So here, in response to Moses’ complaint to God about doing nothing to help his people, God reminds Moses of their encounter on Mt. Sinai. It was there that he asked God, “Who shall I say sent me?” upon learning he was to deliver the Israelites from the hand of Pharaoh. God gave Moses a name previously unknown to him, Yahweh, meaning “The LORD.”

What is happening here? The people of Israel have not experienced the hand of God. In a nutshell, they didn’t really know God first hand. They had just heard about him. There was no intimacy with the LORD. He was more of an idea to them, not a relational God. So God reassured Moses that he did hear the groans of his people and that he had not forgotten his covenant promise to them. In fact, he was laying the groundwork to give his people their own first hand experience with their covenant keeping God. This truth is underscored with the sentence, “I will redeem you with a powerful arm and great acts of judgment. I will claim you as my own people, and I will be your God. Then you will know that I am the Lord your God who has freed you from your oppression in Egypt.” 

God’s desire always is that his children know him intimately. One of the purposes of the Exodus is for his people to experience him first hand, now they would encounter God for themselves. To know implies intimate knowledge and experience. It is the same word used to describe human sexual relations as in the case of Adam and Eve. (Gen.4:1) 

In focusing on their terrible circumstances, the people were not interested in listening to Moses’ words. But God did not give up and sent both Moses and Aaron back to Pharaoh with the same message: let the people go. Even if the people refused to listen to God’s words of deliverance, God continued on course. Because of the people’s closed mind to God’s word, what should have been a week and a half trip to Canaan took forty years and that generation of Israelites never did see the Promised Land even though they experienced crossing the Red Sea! You’ll recall through their own disobedience to the LORD, Moses and Aaron likewise failed to enter the Canaan.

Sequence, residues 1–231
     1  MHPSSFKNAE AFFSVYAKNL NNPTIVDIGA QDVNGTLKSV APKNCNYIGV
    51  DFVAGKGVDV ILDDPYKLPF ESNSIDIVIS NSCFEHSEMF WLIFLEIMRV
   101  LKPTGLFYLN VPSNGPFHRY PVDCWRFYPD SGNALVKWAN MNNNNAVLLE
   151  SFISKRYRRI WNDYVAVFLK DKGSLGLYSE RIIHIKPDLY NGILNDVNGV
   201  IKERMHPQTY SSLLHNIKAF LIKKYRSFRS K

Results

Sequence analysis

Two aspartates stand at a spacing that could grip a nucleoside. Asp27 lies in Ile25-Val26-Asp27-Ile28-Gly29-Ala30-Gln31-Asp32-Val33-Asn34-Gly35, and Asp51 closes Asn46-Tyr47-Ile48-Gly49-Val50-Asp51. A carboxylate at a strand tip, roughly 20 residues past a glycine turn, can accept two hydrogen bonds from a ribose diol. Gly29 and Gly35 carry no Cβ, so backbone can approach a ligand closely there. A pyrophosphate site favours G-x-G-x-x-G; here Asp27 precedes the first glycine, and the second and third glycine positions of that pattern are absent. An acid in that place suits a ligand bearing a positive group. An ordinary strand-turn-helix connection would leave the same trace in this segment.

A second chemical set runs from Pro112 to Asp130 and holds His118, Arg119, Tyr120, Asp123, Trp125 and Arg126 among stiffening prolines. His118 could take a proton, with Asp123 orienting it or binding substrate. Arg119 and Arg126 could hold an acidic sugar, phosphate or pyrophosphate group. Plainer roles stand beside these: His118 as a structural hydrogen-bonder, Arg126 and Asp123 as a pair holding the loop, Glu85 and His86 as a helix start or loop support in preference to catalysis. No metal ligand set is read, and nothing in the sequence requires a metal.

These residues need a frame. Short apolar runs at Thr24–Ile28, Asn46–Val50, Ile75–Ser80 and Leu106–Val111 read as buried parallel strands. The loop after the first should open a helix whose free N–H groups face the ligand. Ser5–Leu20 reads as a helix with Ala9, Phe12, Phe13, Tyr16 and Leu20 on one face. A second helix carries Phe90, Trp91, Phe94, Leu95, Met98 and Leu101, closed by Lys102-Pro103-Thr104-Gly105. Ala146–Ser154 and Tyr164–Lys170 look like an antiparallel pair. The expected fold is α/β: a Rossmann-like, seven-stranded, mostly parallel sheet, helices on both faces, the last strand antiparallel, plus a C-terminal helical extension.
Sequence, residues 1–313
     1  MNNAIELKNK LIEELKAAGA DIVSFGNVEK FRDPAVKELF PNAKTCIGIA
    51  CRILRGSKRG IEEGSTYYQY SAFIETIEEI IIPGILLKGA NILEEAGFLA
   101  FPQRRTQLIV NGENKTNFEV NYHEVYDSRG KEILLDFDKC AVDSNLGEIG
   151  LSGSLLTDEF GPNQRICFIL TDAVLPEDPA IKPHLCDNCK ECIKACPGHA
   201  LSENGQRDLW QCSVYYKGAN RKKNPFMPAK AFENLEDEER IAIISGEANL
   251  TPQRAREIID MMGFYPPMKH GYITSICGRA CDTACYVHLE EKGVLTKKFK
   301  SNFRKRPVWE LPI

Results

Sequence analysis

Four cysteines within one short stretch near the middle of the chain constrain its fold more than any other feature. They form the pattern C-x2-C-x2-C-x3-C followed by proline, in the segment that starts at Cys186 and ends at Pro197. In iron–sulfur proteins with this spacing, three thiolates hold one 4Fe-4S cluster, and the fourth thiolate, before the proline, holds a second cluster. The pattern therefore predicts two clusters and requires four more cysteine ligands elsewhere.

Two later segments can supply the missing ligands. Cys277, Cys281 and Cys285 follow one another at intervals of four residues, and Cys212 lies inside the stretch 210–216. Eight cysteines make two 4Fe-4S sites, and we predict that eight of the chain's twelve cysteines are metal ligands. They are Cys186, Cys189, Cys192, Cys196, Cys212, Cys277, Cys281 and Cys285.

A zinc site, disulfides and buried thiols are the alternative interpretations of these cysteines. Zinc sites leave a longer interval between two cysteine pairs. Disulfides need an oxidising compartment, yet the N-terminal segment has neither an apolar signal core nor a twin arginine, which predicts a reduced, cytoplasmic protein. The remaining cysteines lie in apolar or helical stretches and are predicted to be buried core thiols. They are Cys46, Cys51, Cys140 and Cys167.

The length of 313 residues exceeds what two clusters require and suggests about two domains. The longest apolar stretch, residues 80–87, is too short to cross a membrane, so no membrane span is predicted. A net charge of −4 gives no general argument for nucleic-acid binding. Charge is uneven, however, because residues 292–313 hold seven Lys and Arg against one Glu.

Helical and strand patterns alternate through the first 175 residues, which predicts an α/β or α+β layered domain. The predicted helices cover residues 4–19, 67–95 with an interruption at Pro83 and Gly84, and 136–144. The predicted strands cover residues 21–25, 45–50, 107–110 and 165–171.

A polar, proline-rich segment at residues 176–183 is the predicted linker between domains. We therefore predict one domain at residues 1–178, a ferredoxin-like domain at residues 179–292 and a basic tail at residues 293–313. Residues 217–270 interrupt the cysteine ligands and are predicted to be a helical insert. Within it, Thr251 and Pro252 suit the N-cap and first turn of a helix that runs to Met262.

Centering our attention on the immediate troubling or fearful circumstances because those are what we can see and hear, can be a great hindrance to faith and trusting God. The Israelites didn’t know God at this point and so had trouble putting their faith in him and his word. They had no intimacy with God. I’m wondering when we are fearful of things in the world in which we live, is it because we know more about God than knowing God himself?  Cultivate intimacy with God; you’ll find it is more rewarding than the journey itself.

Music:  “Holy is God the Lord” from Elijah Oratorio   Gabrieli Consort

Holy, holy, holy is God the Lord

    The Lord of Sabaoth

Now his glory hath filled all the earth.


O make thy way plain before my face. Support me this day under all the difficulties I shall meet with. I offer myself to Thee, O God, this day to do in me, and with me, as to thee seems most meet―Amen.      Thomas Wilson 1663-1755 from Prayers Ancient and Modern, p.149